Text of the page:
AUA 2021: Advances in Metastatic Hormone-Sensitive Prostate Cancer/Metastatic Castration-Naive Prostate Cancer

( In a plenary session entitled “Advances in Prostate Cancer: Androgen Deprivation Therapy Across the Disease Continuum” held in conjunction with the American Urologic Association Annual Meeting, Dr. Alicia Morgans explored the role of systemic treatment intensification in metastatic castration sensitive prostate cancer (mCPSC).

She began by highlighting the myriad of treatment options available and guideline-recommended in this disease space including an androgen-deprivation therapy backbone along with apalutamide, abiraterone, docetaxel, or enzalutamide as well as potential local prostate radiotherapy in those with low-volume disease.

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Thus, the question becomes how do we choose among the multitude of treatment options. Dr. Morgans emphasized that the choice we make in this disease space will have significant ramifications for downstream treatment options when the patient progresses to castration resistant disease.

To highlight the considerations, she provided an initial case example of a 68-year-old man who presented with progressive fatigue, low back pain, decreased appetite, and weight loss which culminated in an emergency room visit for urinary retention. Laboratory investigations demonstrated a PSA of 144 ng/mL and subsequent prostate biopsy demonstrated Gleason score 5+5 disease with both nodal and bony metastasis evident on conventional imaging.

Dr. Morgans then walked us through treatment options, beginning with chemohormonal therapy. Two studies, CHAARTED and STAMPEDE, demonstrated overall survival benefits with the use of combined docetaxel and androgen deprivation in this patient population. Median overall survival was improved by nearly 14 months in CHAARTED and 10 months in STAMPEDE. A subsequent meta-analysis by Dr. Vale and colleagues demonstrated a 9% absolute improvement in overall survival at 4-years for the use of docetaxel.

The next potential option she discussed was abiraterone acetate. The data for this approach comes from LATITUDE (which was enriched with aggressive disease) and STAMPEDE. In each of these studies, the addition of abiraterone acetate to ADT resulted in significantly improved overall survival, with a relative effect of 37-38%. The TITAN study provided similar data for the use of apalutamide in this disease indication and similarly showed a 33% relative improvement in overall survival, as well as benefits in radiographic progression-free survival.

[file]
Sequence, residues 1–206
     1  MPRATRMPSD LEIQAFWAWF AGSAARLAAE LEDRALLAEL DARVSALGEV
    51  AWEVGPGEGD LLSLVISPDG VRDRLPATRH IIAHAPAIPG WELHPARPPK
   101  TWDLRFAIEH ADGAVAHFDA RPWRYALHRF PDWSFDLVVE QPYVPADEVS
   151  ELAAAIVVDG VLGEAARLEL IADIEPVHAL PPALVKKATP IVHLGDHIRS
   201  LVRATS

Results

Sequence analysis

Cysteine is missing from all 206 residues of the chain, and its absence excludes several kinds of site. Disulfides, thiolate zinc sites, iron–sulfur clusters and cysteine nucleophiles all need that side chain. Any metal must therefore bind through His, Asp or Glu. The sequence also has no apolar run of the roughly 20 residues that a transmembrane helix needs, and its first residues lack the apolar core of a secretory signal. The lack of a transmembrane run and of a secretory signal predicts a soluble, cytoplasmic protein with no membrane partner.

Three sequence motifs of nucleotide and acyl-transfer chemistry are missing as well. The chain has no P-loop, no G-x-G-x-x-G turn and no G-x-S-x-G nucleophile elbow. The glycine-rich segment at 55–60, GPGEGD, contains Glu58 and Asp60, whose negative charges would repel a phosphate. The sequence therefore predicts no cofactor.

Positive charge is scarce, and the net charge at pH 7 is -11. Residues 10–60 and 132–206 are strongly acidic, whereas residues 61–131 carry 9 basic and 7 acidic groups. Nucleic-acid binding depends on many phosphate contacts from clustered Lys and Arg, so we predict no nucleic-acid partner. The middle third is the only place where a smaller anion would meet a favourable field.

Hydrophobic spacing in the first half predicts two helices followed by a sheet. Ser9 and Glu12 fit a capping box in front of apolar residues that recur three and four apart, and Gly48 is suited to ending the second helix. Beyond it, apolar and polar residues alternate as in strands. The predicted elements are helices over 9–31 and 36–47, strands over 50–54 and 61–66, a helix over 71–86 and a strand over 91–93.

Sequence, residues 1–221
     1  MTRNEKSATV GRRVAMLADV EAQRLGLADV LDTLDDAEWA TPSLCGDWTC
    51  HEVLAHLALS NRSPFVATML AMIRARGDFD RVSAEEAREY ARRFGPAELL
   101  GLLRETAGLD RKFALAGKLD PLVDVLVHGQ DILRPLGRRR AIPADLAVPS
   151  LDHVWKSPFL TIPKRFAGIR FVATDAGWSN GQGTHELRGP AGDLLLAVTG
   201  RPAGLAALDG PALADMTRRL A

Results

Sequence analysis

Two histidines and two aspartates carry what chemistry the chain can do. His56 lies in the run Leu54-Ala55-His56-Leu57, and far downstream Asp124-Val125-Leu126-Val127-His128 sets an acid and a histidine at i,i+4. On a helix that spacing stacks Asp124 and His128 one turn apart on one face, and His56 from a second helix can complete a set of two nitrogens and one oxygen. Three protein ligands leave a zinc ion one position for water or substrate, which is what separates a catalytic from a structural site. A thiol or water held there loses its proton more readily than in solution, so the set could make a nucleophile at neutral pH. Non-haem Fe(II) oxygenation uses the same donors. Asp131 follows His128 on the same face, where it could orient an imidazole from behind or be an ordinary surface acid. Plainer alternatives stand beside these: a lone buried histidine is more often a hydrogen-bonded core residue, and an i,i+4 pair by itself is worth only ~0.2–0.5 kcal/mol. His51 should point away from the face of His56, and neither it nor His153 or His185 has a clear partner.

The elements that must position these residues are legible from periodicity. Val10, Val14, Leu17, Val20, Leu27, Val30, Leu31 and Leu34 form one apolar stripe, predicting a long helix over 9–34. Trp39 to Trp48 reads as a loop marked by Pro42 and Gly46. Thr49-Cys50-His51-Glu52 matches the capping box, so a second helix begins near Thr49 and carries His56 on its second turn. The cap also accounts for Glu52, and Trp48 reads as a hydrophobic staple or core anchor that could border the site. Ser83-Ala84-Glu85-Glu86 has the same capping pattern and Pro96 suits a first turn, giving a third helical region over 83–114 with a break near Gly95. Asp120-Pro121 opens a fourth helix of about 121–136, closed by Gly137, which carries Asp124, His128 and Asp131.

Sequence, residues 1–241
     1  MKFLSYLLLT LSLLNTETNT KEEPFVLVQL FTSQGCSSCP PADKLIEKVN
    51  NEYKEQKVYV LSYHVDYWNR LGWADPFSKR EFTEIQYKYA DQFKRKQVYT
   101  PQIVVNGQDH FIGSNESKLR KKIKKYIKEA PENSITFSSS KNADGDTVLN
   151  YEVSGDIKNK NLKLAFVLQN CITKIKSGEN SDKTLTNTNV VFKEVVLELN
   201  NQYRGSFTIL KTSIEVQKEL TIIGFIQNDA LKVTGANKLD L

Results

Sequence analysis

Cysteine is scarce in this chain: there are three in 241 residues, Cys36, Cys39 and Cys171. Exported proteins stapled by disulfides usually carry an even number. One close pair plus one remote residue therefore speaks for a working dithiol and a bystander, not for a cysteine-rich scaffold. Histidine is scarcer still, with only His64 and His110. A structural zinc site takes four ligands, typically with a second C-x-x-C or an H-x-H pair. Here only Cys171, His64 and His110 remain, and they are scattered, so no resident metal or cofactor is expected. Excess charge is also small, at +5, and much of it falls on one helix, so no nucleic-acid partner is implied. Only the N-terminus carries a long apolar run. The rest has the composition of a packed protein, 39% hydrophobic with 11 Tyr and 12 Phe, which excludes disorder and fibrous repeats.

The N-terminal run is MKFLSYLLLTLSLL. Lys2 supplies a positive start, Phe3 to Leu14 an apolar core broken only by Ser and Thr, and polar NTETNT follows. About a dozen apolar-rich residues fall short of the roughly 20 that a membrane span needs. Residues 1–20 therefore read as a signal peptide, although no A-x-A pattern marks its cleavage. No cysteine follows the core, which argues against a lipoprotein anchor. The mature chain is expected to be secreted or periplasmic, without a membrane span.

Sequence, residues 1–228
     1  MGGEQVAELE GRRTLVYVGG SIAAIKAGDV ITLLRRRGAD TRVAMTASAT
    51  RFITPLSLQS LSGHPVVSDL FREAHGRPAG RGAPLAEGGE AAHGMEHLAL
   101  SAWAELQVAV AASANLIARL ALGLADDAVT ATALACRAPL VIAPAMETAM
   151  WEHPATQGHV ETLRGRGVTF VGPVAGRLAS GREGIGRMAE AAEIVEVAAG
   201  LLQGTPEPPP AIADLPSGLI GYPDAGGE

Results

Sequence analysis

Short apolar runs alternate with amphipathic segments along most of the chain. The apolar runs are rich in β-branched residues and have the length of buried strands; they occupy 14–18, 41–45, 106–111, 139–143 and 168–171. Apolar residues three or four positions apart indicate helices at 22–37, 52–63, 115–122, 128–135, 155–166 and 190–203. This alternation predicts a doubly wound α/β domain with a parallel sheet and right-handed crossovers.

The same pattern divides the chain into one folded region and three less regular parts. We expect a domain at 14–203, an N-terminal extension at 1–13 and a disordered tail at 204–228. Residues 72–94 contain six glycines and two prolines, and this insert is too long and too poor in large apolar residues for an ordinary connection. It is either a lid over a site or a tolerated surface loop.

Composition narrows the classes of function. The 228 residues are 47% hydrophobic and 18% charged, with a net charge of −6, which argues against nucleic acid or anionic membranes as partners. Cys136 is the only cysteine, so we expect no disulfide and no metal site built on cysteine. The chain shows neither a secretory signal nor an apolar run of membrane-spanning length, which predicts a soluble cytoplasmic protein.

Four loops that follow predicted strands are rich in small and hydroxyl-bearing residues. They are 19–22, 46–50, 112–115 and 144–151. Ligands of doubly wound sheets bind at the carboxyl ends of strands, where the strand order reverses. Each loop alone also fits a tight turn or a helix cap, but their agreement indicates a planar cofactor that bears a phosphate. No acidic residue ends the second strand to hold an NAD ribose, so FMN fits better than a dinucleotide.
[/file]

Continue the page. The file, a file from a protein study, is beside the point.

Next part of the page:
The final systemic treatment option is enzalutamide. Dr. Morgans first discussed the ARCHES trial which, while similar to the others, assessed the primary endpoint of radiographic progression-free survival. Also, notably, patients who had previously received docetaxel were included. The ENZAMET trial, unlike the others, did not use a control arm of ADT alone but also included a standard non-steroidal antiandrogen. As with ARCHES, docetaxel was allowed though this was included as a planned early/concomitant treatment. Each of these trials was positive with ENZAMET demonstrating improved overall survival with an effect similar to the other trials cited above. Notably, in stratified analyses, those patients who received concomitant docetaxel did not demonstrate survival benefits from the inclusion of enzalutamide while those who did not receive docetaxel had significant improvements.

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Dr. Morgans then cited some comparative data from STAMPEDE in which patients could have been accrued to the abiraterone or docetaxel treatment arms concurrently. While this was not a direct randomized comparison, the data demonstrate no evidence of differences in overall survival, however, failure-free survival and progression-free survival favoured abiraterone.

Dr. Morgans highlighted than, in choosing our treatment recommendation, we must also consider quality of life effects of therapy and patient preferences. To this end, she reviewed patient-reported quality of life data from each of the studies. In CHAARTED, FACT-P Total scores initially fell for those receiving docetaxel relative to ADT alone (with heavily overlapping 95% confidence intervals) with subsequent later improvements with results overall favourable for treatment with docetaxel given improvements in disease control. In contrast, in LATITUDE, there was a general increase in FACT-P scores for patients on abiraterone, though this did not reach clinically meaningful thresholds.

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In TITAN, no difference in patient-reported outcomes was apparent between treatment with apalutamide and placebo arms using the FACT-P total score and the same was true in ARCHES for patients treated with enzalutamide. A longitudinal comparison of abiraterone and docetaxel suggested statistically significantly higher global quality of life scores for those patients receiving abiraterone.

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Given all these data, Dr. Morgans emphasized the importance of understanding the decision-making process for each patient. Notably, patients may consider a variety of other factors including cost, convenience, and impacts of activities of daily living.

She then concluded that treatment intensification with either docetaxel or an androgen receptor targeting agent is the standard of care for patients with mCSPC. The choice among these agents depends on quality of life and patient preferences in the context of shared decision-making.

Presented by: Alicia Morgans, MD, MPH GU Medical Oncologist, Dana Farber Cancer Institute, Boston Massachusetts

Written by: Christopher J.D. Wallis, University of Toronto Twitter: @WallisCJD during the 2021 American Urological Association, (AUA) Annual Meeting, Fri, Sep 10, 2021 – Mon, Sep 13, 2021.